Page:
It was a wintry Chicago night when Loretta Kreft's landlady telephoned the defense plant where she worked and asked her to come home. A telegram had arrived from the War Department -- and during World War II, that could only mean bad news. When Kreft arrived at her boardinghouse, the woman dug her hand in an apron pocket and pulled out the yellow envelope.
The telegram was terse. Earlier that day -- Jan. 30, 1945 -- her husband, Technical Sgt. Harvey Cook, and three other airmen died when their B-24L Liberator crashed and burned in the Mojave Desert, not far from the Army airfield in Victorville, California, where they were stationed.
A second telegram arrived a few days later, filled with misspellings and confusing text. It was as callous as the first: "Remains of your husband T Sgt. Harry L. Cook have been prepared and placed in casket and are being shipped . . . . The government will pay to the person who will incure interment expenses a sum not in excess of fifty dollars."
Nearly six decades later, last September, Kreft -- now 80 and widowed for a second time -- heard from David Schurhammer, an amateur aviation archeologist from Orange County, California. Schurhammer had found one of Cook's dog tags and a birthstone ring Kreft had given him as a wedding gift. The ring and the tag had lain in the desert for six decades, ignored or overlooked by the soldiers who had retrieved the bodies and hauled away the wreckage in 1945.
The discovery left Kreft torn. She had long ago started a new life, having remarried and raised two children. But all the same, after a few days she called the number on Schurhammer's letter, which had been forwarded by Veterans Affairs. And in hearing his account, she found herself reliving powerful memories of a romance that blossomed in the dark days of World War II, when love was just about the only hope young people had.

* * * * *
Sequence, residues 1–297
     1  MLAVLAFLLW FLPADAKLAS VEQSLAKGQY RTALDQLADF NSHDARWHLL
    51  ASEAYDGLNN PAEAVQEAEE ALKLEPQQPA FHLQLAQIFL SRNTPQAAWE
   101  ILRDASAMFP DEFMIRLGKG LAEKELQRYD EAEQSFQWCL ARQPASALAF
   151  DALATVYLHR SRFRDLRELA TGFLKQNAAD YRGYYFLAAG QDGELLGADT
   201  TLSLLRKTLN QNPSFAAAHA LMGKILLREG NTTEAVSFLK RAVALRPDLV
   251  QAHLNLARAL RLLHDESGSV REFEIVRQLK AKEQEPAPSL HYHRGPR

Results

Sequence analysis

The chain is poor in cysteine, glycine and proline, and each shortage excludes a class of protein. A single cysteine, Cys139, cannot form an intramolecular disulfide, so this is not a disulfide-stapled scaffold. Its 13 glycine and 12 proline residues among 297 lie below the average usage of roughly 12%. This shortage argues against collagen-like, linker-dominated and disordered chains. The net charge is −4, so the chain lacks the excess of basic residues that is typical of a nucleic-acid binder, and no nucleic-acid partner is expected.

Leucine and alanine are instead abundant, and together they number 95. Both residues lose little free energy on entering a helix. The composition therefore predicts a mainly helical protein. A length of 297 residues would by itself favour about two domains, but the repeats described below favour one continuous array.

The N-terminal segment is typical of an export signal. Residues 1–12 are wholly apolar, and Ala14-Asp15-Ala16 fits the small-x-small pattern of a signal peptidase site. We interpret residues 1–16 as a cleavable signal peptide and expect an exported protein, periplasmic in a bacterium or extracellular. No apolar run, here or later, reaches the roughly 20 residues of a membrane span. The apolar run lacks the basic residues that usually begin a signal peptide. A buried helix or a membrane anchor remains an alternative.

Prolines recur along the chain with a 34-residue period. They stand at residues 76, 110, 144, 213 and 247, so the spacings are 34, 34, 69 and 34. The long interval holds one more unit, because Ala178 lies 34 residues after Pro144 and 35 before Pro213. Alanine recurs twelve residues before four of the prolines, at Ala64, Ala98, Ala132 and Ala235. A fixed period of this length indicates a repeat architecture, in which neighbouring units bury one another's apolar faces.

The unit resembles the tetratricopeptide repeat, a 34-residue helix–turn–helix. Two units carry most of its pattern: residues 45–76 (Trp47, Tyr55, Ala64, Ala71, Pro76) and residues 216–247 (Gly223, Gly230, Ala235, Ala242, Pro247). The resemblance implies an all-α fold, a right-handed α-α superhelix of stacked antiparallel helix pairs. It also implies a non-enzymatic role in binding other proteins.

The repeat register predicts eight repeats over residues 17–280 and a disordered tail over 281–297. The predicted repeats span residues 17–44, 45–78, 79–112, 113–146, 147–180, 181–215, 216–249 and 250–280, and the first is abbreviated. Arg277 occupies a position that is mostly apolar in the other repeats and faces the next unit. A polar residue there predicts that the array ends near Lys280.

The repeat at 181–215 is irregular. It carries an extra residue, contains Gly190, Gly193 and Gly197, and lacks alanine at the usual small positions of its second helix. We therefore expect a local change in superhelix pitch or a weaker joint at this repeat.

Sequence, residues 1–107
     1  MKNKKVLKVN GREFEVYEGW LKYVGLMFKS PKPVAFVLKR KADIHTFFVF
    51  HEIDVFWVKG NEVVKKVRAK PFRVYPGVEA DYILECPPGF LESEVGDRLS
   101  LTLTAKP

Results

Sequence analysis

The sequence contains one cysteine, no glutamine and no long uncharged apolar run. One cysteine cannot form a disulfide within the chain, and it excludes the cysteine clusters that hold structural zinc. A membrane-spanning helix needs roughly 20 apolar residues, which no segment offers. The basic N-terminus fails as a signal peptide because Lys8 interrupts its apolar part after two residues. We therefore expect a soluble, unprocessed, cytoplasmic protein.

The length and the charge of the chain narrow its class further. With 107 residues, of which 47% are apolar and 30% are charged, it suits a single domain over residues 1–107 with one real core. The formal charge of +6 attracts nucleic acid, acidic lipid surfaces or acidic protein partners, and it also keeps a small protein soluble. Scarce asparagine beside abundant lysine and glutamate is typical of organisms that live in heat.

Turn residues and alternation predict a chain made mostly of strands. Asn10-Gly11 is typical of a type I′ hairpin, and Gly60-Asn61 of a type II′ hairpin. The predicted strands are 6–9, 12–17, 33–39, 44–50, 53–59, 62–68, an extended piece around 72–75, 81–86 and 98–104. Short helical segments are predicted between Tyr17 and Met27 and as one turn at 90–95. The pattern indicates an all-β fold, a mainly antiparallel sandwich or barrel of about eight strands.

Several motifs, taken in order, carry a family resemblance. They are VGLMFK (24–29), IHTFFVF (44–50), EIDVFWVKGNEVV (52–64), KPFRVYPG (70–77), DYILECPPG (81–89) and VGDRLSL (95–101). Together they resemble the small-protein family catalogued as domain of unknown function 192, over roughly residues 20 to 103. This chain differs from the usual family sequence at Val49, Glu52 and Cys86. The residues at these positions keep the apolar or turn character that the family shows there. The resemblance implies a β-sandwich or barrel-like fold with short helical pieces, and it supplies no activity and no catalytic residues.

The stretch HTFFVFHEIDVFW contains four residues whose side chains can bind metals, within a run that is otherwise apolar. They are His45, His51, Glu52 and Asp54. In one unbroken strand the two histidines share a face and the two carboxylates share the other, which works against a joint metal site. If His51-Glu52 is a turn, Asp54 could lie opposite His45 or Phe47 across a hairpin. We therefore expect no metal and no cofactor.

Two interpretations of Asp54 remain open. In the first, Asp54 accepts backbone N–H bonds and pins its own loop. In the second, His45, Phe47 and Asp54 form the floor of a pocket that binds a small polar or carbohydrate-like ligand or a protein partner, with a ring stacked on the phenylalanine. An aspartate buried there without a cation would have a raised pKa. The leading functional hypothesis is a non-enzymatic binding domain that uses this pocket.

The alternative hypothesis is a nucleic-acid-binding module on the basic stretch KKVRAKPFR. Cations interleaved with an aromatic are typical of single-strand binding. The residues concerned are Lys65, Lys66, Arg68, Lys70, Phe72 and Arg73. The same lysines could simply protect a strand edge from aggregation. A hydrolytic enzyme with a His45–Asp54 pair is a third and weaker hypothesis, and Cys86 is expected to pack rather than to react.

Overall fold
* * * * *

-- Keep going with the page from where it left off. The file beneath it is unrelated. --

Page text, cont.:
For Schurhammer, returning Cook's possessions provided a rare moment of triumph that helped make up for all the long hours he has spent pursuing his weekend hobby: searching for old airplane crash sites. "I had found a simple ring that symbolized their love and was lost for 60 years, and I was returning it to her," said Schurhammer. "Wow!"
The hunt for old crash sites is part obsession and part charity to Schurhammer and fellow "wreck finder" Gary Pat Macha. Like several dozen other wreck sleuths across the country, they are driven by the detective-like work of pinpointing a crash site. Because most of the crashes occurred long before the global positioning system could be used to locate a site, finding wrecks can be an Indiana Jones-like experience. The two scour military records that typically offer only the barest of facts about the accident and do not include map coordinates -- only general information. For example, the crash site is 15 miles north or south of a known location and 10 miles east or west of another geographical landmark. Sometimes an old newspaper article will fill in the details.
Aviation archeologists locate a site by using the scant information from crash reports, newspaper articles and old photographs, which can show ridge lines or other topographical features. But it also takes persistence and luck.
Mostly, the two men explore military crash sites that have gone untouched for decades -- like the shallow crater just off U.S. Highway 395 where Cook's plane went down. Sometimes the crash sites have been scrubbed clean by the elements, or picked over by scavengers. But on occasion, there are mementos to be found and returned to family members.
The two wreck finders leave a crash site undisturbed, except for the personal items they recover and attempt to return to the victims' survivors. If they find human remains -- usually no more than fragments of bone -- the two men bury them and erect a makeshift memorial. Following a code of conduct common among professional archeologists, the wreck hunters refuse to disclose the exact locations of crash sites, fearing that souvenir hunters will ravage what little is left.